The Chilingirian String Quartet, playing last night in the Kreeger Auditorium of the Jewish Community Center, placed Erich Korngold's third quartet in between the F major Quartet of Haydn's Opus 74 and the Brahms B Flat. Korngold could not stand the competition.
For all of its craft, exhibited in some determinedly crabbed writing, it was obvious that the heart of Korngold lay in the too-brief episodes that kept insinuating notes of sentiment into the proceedings. I could not help thinking about Olivia de Havilland, Errol Flynn, and now and then, Basil Rathbone when the quartet put on their mutes and played through a rather charming movement marked, "Like a folk tune."
Korngold wrote a powerful symphony, several operas well worth hearing, and quantities of chamber music. But the odds are still strong that he will be remembered for the opera, "Die tote Stadt," his Hollywood film scores, and, by some, the symphony.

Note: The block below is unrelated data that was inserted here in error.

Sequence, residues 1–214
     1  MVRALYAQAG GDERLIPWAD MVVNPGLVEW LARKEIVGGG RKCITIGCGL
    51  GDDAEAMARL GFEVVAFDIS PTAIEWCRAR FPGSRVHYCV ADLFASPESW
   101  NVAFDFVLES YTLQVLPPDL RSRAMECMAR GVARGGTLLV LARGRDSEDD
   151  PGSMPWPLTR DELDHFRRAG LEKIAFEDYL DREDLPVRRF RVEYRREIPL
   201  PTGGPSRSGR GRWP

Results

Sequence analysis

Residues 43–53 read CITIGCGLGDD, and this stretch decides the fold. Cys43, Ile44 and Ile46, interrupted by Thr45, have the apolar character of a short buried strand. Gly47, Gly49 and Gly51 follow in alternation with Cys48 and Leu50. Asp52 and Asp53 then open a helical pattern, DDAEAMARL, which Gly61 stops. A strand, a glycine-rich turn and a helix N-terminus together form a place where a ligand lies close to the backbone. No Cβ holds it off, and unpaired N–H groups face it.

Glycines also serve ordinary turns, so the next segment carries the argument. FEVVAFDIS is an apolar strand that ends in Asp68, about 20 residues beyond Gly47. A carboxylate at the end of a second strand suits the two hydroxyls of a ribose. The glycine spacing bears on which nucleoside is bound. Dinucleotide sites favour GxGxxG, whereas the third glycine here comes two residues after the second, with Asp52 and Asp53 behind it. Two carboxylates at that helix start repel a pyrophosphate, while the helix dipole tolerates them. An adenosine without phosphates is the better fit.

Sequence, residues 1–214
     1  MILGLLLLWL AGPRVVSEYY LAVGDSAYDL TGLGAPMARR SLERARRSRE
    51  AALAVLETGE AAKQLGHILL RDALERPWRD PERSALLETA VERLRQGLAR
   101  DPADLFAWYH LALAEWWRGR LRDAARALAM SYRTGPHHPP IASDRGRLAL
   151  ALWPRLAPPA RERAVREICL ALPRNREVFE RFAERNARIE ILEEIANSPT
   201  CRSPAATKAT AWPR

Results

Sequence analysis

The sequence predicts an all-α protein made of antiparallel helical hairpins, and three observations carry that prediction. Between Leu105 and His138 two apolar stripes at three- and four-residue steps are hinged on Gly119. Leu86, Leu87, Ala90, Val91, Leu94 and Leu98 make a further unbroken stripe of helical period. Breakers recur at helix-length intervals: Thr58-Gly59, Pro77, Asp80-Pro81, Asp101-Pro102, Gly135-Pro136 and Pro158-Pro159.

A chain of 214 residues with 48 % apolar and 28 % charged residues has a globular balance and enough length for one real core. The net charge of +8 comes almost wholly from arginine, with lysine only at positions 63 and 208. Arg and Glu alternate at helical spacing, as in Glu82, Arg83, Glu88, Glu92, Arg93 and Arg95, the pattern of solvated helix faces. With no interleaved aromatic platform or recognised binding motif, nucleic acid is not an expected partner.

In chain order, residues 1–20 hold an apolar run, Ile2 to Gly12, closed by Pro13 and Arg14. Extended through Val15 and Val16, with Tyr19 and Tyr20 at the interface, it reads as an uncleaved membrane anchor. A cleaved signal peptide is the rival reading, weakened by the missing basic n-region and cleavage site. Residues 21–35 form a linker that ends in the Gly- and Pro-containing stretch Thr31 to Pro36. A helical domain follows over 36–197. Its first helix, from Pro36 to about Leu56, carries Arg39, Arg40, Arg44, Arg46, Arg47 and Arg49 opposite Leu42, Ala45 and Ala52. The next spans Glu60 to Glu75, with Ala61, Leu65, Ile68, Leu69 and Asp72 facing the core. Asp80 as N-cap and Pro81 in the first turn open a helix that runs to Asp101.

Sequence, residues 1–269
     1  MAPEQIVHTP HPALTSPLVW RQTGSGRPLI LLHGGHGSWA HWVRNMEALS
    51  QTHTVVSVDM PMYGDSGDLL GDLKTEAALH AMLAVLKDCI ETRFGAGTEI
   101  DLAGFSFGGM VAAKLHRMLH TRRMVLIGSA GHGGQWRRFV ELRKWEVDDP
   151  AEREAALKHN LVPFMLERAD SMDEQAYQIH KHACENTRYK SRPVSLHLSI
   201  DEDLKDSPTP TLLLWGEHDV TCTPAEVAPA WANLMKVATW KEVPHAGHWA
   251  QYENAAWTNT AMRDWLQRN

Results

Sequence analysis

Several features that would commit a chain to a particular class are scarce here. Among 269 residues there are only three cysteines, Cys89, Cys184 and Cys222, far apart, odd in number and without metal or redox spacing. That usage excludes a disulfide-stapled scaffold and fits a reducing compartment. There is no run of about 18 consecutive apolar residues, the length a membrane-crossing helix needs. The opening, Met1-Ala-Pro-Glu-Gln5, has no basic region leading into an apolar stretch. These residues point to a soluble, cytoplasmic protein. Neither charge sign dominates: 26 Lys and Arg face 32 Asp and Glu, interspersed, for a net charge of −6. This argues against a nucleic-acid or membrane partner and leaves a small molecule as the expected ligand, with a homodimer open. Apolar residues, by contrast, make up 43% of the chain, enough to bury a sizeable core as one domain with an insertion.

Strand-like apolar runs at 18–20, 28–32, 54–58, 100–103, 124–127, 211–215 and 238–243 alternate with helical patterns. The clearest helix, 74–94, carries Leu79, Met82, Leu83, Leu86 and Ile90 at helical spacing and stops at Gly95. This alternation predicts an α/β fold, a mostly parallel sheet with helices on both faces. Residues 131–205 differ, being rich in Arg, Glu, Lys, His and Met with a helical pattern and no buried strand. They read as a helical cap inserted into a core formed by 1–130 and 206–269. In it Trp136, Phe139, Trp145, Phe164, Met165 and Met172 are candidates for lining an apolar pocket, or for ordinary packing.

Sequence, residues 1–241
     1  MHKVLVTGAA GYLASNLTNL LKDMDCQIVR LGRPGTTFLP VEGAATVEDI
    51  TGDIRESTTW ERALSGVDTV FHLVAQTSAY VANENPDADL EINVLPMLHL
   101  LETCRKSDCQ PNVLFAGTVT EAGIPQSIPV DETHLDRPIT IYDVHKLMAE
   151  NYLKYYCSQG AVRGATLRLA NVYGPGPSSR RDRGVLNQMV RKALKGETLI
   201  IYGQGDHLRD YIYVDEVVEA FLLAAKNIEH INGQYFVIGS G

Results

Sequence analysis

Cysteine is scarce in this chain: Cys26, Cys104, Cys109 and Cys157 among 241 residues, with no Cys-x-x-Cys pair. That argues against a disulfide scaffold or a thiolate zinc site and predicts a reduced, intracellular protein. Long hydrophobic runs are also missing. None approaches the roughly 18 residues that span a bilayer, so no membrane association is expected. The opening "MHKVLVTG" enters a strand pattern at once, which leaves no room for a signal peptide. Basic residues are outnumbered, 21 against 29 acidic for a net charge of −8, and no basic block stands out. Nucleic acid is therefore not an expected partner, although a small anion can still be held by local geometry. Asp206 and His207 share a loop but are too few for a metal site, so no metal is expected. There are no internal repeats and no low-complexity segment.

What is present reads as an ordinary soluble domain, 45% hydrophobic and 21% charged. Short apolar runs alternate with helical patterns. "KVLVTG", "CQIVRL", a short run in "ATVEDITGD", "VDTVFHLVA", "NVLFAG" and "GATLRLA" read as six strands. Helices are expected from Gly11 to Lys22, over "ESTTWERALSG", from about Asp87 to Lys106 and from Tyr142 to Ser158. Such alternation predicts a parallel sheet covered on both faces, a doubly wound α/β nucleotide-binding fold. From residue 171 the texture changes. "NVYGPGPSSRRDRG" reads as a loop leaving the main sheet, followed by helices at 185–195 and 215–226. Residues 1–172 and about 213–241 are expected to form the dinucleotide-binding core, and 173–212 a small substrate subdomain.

The Chilingirian foursome, whose home is London, played handsomely throughout the evening. Their Haydn was a plasure for the manner in which they relaxed when relaxation was appropriate, and for the particular attention to the interior interplay of voices, as well as their delight in Haydn's brilliant humor.
It was easy to recall that these musicians once coached with members of the Amadeus Quartet, both when they played Haydn, and when they offered Brahms that was warmed to just the right temperature, but always filled with vitality. t